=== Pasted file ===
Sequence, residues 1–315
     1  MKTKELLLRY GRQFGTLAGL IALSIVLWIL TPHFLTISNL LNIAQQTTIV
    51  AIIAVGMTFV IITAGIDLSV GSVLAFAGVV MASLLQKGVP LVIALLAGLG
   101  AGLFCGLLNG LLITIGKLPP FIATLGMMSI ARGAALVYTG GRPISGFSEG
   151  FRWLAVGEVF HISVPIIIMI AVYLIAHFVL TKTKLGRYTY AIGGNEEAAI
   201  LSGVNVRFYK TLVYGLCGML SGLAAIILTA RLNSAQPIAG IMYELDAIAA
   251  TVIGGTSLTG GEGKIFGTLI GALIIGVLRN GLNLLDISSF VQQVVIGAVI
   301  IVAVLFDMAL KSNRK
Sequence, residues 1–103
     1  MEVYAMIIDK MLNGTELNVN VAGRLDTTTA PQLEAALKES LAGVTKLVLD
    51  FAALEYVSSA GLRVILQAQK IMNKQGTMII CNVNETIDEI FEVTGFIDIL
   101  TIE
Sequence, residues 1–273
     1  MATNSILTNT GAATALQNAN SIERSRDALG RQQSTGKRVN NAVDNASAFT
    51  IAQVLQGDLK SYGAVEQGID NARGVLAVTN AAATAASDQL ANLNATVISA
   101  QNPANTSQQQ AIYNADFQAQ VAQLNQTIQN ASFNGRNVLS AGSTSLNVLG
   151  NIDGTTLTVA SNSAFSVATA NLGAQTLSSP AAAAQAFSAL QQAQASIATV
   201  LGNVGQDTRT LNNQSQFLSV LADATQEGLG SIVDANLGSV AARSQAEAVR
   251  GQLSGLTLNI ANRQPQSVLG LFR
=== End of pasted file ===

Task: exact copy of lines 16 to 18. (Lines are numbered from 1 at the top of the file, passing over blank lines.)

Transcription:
   101  QNPANTSQQQ AIYNADFQAQ VAQLNQTIQN ASFNGRNVLS AGSTSLNVLG
   151  NIDGTTLTVA SNSAFSVATA NLGAQTLSSP AAAAQAFSAL QQAQASIATV
   201  LGNVGQDTRT LNNQSQFLSV LADATQEGLG SIVDANLGSV AARSQAEAVR